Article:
New Georgia Law to Prevent Unnecessary Step Therapy Actions

The Arthritis Foundation is happy to announce that the Georgia legislature passed a new law this month that will protect Georgians who are living with arthritis.

The new GA law will reform step therapy. Also known as “fail first,” step therapy is a process that forces patients to try and fail drugs that insurance companies choose before the patient gets to use the medicine their doctor originally prescribed. This may occur even if you are already taking a medication and doing well on it.

Our Advocates’ stories powered this success and helped Georgians like the Nealy family. They have had to endure burdensome step therapy requirements for the treatment of their 7-year-old son, Khalil, who was diagnosed with systemic juvenile idiopathic arthritis.

“When parents are dealing with the pain of not being able to comfort their newly-diagnosed child, they shouldn’t have to worry about whether or not their insurance company will present even more challenges through the step therapy process.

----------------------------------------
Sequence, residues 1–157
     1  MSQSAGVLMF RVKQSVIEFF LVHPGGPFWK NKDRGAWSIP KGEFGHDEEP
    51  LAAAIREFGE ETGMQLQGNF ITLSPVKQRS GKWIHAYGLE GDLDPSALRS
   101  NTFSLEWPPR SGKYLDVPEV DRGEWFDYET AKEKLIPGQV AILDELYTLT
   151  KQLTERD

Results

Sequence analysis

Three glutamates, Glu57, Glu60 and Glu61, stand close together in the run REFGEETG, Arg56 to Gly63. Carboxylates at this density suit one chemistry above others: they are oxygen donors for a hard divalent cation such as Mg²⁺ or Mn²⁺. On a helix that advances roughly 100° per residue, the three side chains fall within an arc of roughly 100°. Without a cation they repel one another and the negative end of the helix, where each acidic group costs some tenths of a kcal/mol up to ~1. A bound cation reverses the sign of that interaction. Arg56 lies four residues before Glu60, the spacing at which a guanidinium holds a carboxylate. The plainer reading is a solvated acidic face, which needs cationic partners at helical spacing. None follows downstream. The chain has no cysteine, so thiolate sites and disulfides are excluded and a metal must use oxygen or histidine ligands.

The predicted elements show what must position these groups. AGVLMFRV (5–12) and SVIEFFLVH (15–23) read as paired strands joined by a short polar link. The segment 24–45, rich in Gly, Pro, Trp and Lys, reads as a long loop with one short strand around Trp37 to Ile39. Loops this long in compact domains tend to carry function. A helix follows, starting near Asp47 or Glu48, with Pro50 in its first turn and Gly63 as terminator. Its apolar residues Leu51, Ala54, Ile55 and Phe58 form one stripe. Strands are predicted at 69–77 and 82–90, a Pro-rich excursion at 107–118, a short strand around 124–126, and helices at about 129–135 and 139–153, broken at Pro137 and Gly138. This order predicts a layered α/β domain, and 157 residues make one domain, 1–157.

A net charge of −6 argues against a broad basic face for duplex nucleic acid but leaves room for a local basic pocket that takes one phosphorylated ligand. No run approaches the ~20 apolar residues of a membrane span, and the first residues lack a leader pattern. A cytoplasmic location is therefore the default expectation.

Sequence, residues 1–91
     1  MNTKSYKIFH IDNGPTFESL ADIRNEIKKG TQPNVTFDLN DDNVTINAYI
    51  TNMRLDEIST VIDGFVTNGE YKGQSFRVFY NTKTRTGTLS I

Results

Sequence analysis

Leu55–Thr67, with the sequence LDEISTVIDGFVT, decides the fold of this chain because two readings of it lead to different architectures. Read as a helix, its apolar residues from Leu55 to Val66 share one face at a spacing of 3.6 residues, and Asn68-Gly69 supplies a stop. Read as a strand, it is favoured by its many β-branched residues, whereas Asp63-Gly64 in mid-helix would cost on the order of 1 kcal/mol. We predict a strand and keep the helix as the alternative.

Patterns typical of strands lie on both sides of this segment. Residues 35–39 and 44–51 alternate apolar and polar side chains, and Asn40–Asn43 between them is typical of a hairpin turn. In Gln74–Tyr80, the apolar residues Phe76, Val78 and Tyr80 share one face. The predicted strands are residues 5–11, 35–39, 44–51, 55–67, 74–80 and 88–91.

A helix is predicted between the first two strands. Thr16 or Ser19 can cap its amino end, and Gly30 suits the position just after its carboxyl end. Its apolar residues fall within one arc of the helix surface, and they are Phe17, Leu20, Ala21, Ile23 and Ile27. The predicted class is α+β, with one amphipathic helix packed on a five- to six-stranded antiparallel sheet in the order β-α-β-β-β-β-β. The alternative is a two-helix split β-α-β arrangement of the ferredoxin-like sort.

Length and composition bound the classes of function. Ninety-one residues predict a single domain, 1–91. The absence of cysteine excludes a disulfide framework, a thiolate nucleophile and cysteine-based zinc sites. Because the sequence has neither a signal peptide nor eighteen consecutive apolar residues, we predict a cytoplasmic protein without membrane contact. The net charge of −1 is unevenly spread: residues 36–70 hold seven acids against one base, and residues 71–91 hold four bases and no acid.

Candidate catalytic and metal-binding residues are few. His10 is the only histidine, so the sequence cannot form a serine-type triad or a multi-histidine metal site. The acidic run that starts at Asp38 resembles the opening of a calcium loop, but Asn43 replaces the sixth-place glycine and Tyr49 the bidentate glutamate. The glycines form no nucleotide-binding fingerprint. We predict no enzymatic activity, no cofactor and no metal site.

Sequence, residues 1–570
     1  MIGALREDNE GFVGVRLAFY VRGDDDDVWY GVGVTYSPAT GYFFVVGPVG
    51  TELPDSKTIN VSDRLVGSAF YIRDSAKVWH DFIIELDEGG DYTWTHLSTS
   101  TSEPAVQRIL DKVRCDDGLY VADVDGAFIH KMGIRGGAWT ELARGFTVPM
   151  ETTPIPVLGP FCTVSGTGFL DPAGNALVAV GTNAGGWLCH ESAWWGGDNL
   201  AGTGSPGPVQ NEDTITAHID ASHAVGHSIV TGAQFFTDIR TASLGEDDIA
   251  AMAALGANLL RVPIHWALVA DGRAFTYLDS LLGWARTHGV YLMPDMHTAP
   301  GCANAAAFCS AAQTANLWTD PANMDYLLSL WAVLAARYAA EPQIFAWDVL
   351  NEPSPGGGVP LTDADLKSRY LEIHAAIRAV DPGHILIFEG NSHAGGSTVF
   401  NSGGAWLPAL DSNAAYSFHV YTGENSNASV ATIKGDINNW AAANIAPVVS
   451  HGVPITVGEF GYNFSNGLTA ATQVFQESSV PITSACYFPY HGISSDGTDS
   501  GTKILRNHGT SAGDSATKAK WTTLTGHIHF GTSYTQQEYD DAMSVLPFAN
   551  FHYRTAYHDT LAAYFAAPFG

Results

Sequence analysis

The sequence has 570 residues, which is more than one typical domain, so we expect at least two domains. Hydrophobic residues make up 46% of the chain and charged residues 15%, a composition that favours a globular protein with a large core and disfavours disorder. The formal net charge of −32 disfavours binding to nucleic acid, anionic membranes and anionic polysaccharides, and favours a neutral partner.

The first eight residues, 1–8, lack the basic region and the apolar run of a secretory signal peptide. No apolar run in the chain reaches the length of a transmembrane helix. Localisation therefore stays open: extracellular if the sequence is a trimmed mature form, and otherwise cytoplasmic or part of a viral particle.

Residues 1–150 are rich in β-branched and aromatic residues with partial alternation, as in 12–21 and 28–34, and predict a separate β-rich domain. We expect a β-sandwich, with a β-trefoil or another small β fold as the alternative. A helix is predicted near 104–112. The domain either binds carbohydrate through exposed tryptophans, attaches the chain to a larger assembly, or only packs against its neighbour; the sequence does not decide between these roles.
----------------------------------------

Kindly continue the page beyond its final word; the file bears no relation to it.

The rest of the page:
Arthritis Ambassador, Patricia Nealy, and her son

“I trust my doctor to make the best decisions for my child’s treatment, and I’m happy this new law will offer us better protections and prevent unnecessary step therapy actions.”
–Patricia Nealy, Arthritis Foundation Ambassador from Atlanta

This newly-minted legislation reforms step therapy protocols and ensures that Georgians will have timely access to the medications they need, when they need them.

Our Advocates were persistent and taught Georgia legislators about the importance of this legislation, which received a near-unanimous vote in both the House and Senate.

This is a major victory for all Georgia Advocates. Please join us in letting our legislators know how much we appreciate their support for better access to care and medications for patients across the state by taking action today!

Please take a minute to thank your legislators for passing this important reform!

For more information about how to get involved with advocacy in Georgia, please contact Kristen Crawford at kcrawford@arthritis.org

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